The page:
The Tiantan Award jury panel, including Chinese directors Ning Hao (third from right) and John Woo (fifth from right),in the opening ceremony of the 4th Beijing International Film Festival. Jiang Dong / China Daily
Chinese filmmakers are walking a tightrope between localization and globalization. Finding a happy medium is surprisingly like cooking fish.
As China's film industry rockets into the stratosphere of amazing box-office returns, the international market becomes increasingly enticing. Yet, only a fraction of its revenues come from outside China, and even that is often the result of counting in the foreign receipts of co-productions, which technically do not go to the Chinese pocket. Chinese film companies, however, are moving up the learning curve. At a Beijing International Film Festival forum, CEO of Bona Film Group Ltd Yu Dong maps out three stages that Chinese films have to take to launch a global entry.
"None of the steps can be skipped," he emphasizes.
The first stage, according to Yu, is what he jokingly calls "dumping". Movies are bundled together and sold to foreign television stations, video websites and, in the old days, video distributors. The Chinese companies receive a pittance, e.g. $20,000 for 10 movies, or a mere $100,000 for the whole year's inventory. "There is little room for price negotiation. If you don't use the low-price strategy, they'll go buy Korean or Japanese movies instead," he says. "You have to remember there are some 5,000 movies produced annually throughout the world. China accounts for roughly 10 percent, the US 10 percent, India more than 20 percent. And I'm not counting the 100-some pornography films from Japan."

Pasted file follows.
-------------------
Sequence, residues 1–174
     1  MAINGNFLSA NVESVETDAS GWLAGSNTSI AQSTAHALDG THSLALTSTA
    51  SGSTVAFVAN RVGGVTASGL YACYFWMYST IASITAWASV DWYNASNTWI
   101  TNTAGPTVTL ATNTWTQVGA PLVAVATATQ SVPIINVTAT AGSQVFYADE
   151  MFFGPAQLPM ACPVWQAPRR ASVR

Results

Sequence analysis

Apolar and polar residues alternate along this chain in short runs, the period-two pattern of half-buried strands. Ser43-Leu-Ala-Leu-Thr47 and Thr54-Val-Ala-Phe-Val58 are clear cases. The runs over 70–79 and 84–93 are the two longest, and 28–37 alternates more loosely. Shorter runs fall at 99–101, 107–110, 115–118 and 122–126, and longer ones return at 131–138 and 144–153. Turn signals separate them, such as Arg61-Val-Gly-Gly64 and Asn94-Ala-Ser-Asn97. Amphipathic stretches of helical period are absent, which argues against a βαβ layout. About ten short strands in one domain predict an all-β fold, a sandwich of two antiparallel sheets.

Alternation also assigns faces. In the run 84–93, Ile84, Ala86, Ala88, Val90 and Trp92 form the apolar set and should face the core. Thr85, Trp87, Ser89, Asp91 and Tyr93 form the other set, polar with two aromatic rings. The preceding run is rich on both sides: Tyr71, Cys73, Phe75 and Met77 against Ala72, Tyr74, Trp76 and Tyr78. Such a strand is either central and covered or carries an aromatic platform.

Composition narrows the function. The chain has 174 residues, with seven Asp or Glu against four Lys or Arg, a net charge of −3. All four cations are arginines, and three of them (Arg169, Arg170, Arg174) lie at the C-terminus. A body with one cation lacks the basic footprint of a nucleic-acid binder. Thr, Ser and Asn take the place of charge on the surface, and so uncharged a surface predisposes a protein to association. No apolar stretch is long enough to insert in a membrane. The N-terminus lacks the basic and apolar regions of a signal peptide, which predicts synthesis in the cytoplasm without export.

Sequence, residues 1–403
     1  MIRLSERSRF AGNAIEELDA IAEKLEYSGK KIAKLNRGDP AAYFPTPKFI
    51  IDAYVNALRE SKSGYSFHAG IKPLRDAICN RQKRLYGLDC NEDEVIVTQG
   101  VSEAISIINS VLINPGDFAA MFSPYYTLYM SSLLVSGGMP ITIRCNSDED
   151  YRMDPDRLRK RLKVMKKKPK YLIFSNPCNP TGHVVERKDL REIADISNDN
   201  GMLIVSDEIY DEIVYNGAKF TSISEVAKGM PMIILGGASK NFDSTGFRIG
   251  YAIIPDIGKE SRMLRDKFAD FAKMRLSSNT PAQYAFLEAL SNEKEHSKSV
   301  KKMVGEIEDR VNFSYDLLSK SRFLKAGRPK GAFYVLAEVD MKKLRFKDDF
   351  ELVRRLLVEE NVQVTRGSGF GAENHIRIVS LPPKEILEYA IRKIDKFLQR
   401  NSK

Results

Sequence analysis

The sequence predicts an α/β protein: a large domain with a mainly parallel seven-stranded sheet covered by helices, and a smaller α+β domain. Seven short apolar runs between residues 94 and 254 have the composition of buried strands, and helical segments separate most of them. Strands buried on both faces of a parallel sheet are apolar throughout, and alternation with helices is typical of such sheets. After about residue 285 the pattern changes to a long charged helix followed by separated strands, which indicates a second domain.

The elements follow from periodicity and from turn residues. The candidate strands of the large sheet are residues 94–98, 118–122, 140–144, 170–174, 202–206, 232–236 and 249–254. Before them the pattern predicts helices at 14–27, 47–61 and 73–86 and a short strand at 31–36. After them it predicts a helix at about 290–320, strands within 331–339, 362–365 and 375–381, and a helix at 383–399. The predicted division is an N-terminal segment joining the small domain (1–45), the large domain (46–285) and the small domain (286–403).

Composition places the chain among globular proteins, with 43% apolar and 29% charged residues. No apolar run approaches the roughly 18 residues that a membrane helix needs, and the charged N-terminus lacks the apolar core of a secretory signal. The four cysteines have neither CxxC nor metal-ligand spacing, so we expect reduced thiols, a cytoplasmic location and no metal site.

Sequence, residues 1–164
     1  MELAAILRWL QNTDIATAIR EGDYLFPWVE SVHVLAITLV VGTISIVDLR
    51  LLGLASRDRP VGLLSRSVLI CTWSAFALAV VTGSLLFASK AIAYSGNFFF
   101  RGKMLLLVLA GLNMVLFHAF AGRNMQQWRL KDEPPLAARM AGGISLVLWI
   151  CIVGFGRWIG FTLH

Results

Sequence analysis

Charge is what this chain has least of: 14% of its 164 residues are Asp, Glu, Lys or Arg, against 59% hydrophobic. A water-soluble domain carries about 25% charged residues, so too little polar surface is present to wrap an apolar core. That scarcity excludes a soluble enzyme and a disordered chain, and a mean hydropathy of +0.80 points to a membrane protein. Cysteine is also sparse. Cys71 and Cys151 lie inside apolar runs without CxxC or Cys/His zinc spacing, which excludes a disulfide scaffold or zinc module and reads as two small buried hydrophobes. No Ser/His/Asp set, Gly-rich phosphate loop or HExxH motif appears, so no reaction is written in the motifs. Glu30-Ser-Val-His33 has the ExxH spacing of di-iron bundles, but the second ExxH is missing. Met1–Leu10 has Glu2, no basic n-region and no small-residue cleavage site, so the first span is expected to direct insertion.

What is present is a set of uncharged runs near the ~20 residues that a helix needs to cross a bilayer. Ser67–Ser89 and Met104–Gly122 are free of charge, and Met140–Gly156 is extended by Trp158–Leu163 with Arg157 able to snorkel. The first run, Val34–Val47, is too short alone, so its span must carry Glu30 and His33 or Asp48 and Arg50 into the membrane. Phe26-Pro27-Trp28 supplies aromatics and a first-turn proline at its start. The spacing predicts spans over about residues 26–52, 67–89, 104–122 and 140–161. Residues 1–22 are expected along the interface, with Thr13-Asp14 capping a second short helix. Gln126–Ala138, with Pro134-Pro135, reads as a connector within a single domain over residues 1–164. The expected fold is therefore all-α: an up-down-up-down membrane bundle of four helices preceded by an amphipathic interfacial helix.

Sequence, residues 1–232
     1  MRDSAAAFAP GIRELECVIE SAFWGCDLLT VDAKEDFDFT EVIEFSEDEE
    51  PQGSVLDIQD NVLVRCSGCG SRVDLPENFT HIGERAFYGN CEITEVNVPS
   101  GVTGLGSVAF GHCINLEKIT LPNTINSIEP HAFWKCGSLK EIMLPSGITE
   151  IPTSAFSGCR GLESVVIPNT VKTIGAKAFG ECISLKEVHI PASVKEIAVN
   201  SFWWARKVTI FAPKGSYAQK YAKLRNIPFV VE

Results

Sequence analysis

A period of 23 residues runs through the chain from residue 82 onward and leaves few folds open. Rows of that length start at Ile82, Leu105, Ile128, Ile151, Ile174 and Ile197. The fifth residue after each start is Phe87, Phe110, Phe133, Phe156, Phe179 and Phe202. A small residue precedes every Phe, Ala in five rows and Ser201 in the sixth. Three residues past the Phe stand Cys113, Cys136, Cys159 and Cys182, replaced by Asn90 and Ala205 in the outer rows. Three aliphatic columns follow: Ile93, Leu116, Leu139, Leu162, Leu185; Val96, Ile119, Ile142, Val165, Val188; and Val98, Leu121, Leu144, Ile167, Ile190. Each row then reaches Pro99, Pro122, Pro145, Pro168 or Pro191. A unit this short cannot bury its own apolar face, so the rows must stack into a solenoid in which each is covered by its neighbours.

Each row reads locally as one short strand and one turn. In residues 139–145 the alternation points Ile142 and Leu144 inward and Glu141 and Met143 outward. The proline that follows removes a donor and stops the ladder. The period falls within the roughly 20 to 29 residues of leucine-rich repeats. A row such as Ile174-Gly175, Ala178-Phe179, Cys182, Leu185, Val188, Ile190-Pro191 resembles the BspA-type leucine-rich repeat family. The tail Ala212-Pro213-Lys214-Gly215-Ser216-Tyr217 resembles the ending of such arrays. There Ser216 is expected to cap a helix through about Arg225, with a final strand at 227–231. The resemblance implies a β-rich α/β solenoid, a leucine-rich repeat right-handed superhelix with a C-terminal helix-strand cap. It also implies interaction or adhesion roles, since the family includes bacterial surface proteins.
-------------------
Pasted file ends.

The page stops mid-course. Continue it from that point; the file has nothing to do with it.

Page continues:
Whoever buys the Chinese stock will have to find ways to make money out of it. So, whatever platforms they can find they will use to release some of these movies, which means exposure for Chinese stories and Chinese actors, says Yu. "This will help cover 80 to 150 markets across the world."
For phase two, Chinese companies will participate in the investment of some projects with global reach and, in return, will place Chinese situations and Chinese actors inside the stories. The cameo appearances of several A-list Chinese stars in these big Hollywood franchises have caused controversy in China, with some members of the Chinese public complaining about the short shrift given to these big names, but Yu holds a different view. "No matter how small the role, it is worth it," he says, citing the example of Wang Xueqi in Iron Man 3. "This is 2013's biggest movie in the whole world, and the global audience got to know this Chinese actor," Yu says.
The third stage will involve Chinese productions with international participation. Yu says Wolf Totem, which has just wrapped production, is a perfect example. It is based on a Chinese best-seller, but is directed by Jean-Jacques Annaud, a French director with a track record for incorporating wild animals in his stories. It has reportedly pre-sold $8 million in the European market.
This project is spearheaded by Zhang Qiang, an executive of China Film Group. "It tells a Chinese story with Chinese characters and Chinese emotions, backed up by Chinese investment, but it has potential global appeal," says Yu. Yu's Bona is mulling similar projects, to be co-produced with Fox Film Corporation, which has a financial stake in his company. "We may even produce movies with dual language soundtracks, a Chinese one for the domestic market and English for the international market," Yu says.